Archive for April, 2008

The Knoll, Maulden

The Inskips have been in Maulden, Bedfordshire since at least the 1760’s when John Inskip married Elizabeth Parker on Christmas Day 1766. John was a tenant farmer for John Russell, Duke of Bedford . The Duke had acquired land around Maulden in 1738 and was experimenting with new more productive agricultural techniques. The soil in the area was particularly good for market gardening, and the Inskips were a family of Market Gardeners. John paid the Duke 10/- (shillings or 50p in todays money) in 1775 to farm 4 acres.

It is highly like that John came from the Southill area, but tracing his exact branch of the Inskip clan in Bedfordshire has proved – well shall we say difficult. Anyway, it is much easier to move forward and the Inskip family has stayed in Maulden, intermarrying with many of the other local families – particularly Summerfields, Daniels and Stanbridges.

This picture was taken from a house on a market gardening small holding that dates back to the 18th century. It is now owned by an Inskip and used to be owned by the Stanbridges. It looks along The Knoll towards George Street and up to the village church (St Mary the Virgin, rebuilt in 1837 apart from the tower). This is the village centre where many of the Inskips lived and died, married and were buried.

You can see that there are a lot of brick houses, some rendered white, and some still have their thatch roofs. Of course the rather blue car, is not original.!!!!!!


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WhirlpoolI’d like to make a plea for a lady who has been looking for her lost uncle for 30 years. Frank Inskip was born in 1917 in Halifax the son of Randolph Inskip from Wombwell near Barnsley, and Harriet Hall from Halifax. (Randolph’s father was a William Inskipp from South Shields, who went to Barnsley with his brother to mine coal.)

Randolph and Harriet split up soon after Frank’s birth and their boys, Walter and Frank, were fostered. Walter went to a family who lived in Tottington. Harriet later lived with a man called Shaw. There has been no siting of Frank by the family since that date; he does not appear to be registered in the UK, he did not serve in the 2nd world war, there is no insurance records or medical records for him. But he cannot have just disapeared into thin air and his niece Elizabeth would dearly love to get in touch.

One theory Elizabeth is working on at the moment is that he went to America with his maternal grandparents. But who knows? if you have any ideas, do get in touch.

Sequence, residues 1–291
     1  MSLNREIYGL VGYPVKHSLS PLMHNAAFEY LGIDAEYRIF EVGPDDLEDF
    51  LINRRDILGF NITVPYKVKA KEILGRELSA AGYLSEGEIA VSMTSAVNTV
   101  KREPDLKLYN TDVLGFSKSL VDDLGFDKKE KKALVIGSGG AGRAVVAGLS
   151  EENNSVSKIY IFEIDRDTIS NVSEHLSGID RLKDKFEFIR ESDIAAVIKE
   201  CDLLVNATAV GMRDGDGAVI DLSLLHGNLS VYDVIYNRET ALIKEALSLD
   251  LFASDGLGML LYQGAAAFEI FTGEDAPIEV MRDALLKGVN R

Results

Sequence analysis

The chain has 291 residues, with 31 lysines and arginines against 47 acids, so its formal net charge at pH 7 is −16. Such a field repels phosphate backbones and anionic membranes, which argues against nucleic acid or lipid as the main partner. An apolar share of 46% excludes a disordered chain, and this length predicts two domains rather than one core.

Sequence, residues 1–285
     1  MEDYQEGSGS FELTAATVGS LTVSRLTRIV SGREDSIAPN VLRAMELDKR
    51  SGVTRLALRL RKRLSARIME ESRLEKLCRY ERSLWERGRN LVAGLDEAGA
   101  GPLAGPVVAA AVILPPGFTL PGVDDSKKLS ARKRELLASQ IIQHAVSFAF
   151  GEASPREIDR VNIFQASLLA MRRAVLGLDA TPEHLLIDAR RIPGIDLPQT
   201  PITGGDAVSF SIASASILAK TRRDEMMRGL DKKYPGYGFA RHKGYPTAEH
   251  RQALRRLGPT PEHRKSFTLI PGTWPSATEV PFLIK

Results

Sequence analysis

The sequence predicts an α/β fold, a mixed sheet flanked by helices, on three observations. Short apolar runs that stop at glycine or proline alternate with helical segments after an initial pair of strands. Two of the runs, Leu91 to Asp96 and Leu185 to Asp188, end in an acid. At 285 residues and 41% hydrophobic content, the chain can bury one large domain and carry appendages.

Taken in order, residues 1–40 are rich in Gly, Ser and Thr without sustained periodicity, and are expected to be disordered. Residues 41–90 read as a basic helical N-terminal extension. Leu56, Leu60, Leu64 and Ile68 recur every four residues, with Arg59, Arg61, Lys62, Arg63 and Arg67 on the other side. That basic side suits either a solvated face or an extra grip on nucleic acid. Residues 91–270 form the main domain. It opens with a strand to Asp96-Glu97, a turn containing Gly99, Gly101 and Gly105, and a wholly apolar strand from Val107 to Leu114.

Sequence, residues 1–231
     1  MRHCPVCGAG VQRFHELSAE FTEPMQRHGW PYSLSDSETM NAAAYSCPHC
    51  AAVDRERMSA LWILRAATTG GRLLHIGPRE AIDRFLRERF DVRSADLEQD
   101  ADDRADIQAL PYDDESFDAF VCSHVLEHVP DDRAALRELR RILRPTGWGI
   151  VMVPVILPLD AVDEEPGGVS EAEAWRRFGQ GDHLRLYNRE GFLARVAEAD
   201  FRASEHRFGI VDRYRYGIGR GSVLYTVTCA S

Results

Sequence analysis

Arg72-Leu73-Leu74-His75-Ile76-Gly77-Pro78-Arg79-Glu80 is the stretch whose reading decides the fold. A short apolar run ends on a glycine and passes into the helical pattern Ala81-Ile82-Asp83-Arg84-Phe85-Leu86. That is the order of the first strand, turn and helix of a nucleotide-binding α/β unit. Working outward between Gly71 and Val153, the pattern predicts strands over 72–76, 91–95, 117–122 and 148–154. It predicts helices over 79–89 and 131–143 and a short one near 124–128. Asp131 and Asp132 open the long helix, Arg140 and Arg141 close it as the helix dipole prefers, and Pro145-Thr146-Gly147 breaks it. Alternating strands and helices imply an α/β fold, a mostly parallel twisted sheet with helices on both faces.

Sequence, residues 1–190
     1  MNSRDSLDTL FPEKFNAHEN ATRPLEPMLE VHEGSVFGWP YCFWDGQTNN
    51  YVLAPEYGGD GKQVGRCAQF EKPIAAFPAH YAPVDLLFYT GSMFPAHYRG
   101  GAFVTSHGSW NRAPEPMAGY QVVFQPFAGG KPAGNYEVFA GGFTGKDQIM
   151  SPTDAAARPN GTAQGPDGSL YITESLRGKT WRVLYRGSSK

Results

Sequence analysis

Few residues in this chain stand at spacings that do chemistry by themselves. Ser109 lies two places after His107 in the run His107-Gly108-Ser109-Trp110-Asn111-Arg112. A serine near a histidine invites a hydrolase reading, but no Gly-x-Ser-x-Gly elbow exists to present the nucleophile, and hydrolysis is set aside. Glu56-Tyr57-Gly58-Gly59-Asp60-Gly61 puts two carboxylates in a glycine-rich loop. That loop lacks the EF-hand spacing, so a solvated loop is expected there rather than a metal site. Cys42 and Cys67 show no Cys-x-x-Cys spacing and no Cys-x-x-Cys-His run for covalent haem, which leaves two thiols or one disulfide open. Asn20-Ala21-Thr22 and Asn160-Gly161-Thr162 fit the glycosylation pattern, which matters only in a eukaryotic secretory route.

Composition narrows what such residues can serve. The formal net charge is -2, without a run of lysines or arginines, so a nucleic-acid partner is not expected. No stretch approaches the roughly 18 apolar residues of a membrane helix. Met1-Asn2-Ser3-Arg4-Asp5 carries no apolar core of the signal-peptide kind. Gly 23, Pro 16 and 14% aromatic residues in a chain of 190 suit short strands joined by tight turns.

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About 18 months ago I had an email from a gentleman who wanted to know if I knew the family history of someĀ  Inskip women he had found in Meldreth, Cambridgeshire. There was no history of Inskips in the area, but he had several census, marriage and burial records for a Mary Inskip senior and junior and a Sarah Inskip. All he knew was that a Mary Lee had married a William Inskip from Northill in 1833.

Well I knew little of this family, and it was not possible at that time to establish which William Inskip from Northill Mary Lee had married – as is always the case there was several contenders, one of whom had also married a Mary.

So for a while the family remained a mystery, until by chance one of my One Name Study colleagues researching the Blows family from Meldreth came up with a marriage of a Sarah Inskip (William and Mary’s daughter to a William Blows.) She had the marriage certificate, which confirmed the father’s name and occupation and residence. (more…)

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Sailing Ship

Terry Inskip, recently sent me a list of Inskip departures from these shores between 1890 and 1929. It is interesting to observe that at the height of the British Empire, the largest formal Empire the world has ever known (yes larger than the Romans!), that to travel abroad the passengers simply had recorded initial, surname, age, sex, year or departure, destination country and port of departure and arrival. Contrast this to the growing list of ‘biological’ data we are supposed to give to travel from the new Heathrow Terminal 5 to Manchester – let alone to destinations such as the USA.

Armed with this meagre data I tried to discover from census and other data I have who these Inskip travellers were. Some are emmigrants, some travellers, and some have ‘business’ abroad.

The earliest is Samuel Inskip, a blacksmith from Bedford who emigrated with his family to America. Then there is Walter Inskip and wife Florence Thurley from Bedford who went to live in Tanzania in the 1920’s.

Charles H and Mary Inskip from Shefford retired on a round the world voyage in 1928. Meanwhile Charles’ brother William, who was a bank director, appears to have a range of exotic locations including Chile, Argentina and Japan.

Major Percy Inskipp and brother Frank Warren Inskipp from Sussex are regular travellers to Africa, whilst Alfred T Inskip the rancher from Devon, regularly criss-crosses the Atlantic to Canada with his siblings.

But I’d love to know more about Alice Stott from Oldham, who married a John Inskip in 1893 and went to Boston in 1901 alone with her 4 very young children, Hannah, Arthur, James and John.

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New Inskip Blog

I have set this weblog up to record all the interesting facets of the Inskip name and family as they are uncovered. The main body of research can be found at http://www.one-name.org/profiles/inskip.html.

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